The diesel-powered trucking industry moves a majority of freight, up to 70% in the U.S. alone. In California, trucks are the largest single source of vehicle-produced air pollution that “spew 70% of the state’s smog-forming gases and 80% of carcinogenic diesel pollutants,” according to the California Air Resources Board, making the trucking sector a key part of the emissions reduction challenge.

Swedish EV trucking startup Einride has been able to so far go toe-to-toe with Tesla and its Semi in attracting top corporate clients. Both have deals with PepsiCo — Einride in the U.K. and Tesla in California.

Einride also has global shipping giant Maersk, GE Appliances, AB InBev, Bridgestone, and Beyond Meat as customers.

While many of these deals are narrow to start with, Einride founder and CEO Robert Falck says the business case already exists today for many more freight players to make the transition from diesel to electric, up to half of the industry, according to Falck.

“In the $4 trillion freight mobility space, between 40%-50% should be electric driven by the business case today,” Falck said on CNBC’s “Worldwide Exchange” in an interview on Thursday after his company ranked No. 13 on the 2023 CNBC Disruptor 50 list. “That means a $2 trillion opportunity already today,” he added.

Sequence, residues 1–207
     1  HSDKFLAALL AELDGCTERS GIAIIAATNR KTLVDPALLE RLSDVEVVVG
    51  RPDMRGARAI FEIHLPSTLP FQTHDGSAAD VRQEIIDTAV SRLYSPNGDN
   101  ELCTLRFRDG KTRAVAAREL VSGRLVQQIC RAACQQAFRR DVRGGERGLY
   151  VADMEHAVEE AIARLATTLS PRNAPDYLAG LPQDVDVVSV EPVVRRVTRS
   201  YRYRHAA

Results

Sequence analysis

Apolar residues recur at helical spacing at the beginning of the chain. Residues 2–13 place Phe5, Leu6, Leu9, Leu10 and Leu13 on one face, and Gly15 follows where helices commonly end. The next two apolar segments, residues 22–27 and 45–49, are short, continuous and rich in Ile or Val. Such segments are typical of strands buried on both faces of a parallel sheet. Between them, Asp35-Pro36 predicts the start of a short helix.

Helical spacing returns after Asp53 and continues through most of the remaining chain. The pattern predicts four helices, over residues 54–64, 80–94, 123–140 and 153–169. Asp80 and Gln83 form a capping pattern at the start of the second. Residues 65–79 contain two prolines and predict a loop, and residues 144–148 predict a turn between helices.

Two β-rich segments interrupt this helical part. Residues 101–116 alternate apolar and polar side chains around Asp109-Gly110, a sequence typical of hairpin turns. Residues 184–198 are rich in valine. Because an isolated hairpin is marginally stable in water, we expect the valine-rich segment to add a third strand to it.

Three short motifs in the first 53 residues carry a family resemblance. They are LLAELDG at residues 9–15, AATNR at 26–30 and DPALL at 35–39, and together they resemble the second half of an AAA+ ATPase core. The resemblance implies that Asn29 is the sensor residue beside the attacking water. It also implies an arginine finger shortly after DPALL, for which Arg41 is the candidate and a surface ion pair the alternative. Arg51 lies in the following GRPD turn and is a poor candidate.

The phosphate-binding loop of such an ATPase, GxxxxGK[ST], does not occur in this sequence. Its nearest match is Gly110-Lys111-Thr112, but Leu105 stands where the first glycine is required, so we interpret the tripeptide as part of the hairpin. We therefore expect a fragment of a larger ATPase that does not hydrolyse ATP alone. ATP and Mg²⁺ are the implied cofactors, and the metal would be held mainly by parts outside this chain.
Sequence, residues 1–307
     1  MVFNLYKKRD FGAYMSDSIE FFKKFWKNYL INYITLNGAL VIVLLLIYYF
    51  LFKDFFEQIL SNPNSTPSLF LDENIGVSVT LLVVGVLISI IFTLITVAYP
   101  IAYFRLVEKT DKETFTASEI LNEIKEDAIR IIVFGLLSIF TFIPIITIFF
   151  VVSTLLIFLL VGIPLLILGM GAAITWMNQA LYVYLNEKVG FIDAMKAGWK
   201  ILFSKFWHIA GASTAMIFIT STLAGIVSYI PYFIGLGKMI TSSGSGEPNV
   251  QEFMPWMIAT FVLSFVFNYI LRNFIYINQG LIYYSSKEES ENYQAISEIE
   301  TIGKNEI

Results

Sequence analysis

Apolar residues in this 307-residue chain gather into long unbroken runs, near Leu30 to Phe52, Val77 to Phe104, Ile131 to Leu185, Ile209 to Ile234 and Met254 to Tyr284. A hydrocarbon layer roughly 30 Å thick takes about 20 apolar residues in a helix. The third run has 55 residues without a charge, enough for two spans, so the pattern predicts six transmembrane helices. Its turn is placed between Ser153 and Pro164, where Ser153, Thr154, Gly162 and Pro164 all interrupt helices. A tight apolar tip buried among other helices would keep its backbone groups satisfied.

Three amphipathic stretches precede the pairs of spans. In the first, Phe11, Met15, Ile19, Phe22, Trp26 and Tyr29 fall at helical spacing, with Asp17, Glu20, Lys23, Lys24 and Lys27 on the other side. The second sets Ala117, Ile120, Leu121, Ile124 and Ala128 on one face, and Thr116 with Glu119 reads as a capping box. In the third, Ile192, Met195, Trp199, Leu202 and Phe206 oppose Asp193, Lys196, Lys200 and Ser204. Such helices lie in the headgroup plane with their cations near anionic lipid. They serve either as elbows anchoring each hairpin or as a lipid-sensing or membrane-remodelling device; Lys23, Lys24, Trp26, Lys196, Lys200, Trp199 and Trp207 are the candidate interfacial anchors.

Einride is one of three companies focused on trucking to make the 2023 Disruptor 50 list — Convoy, founded by former Amazon executives, came in at No. 47, and Flock Freight, the only certified B Corp in the freight sector, came in at No. 20. Additional logistics companies to make the list focused on technology-based solutions in transportation and climate include Flexport and Lineage Logistics.

The numbers on the EV cost equation, though, remain less than an exact science. A month ago, when appearing on CNBC to discuss the new deal with PepsiCo, Falk estimated that 30%-40% of the market could make the EV transition based on cost today. Not much has changed for the better in the math in just a month. In fact, diesel prices continue to trend lower, and haven’t been this low since before Russia invaded Ukraine, taking away a short-term advantage for the EV argument.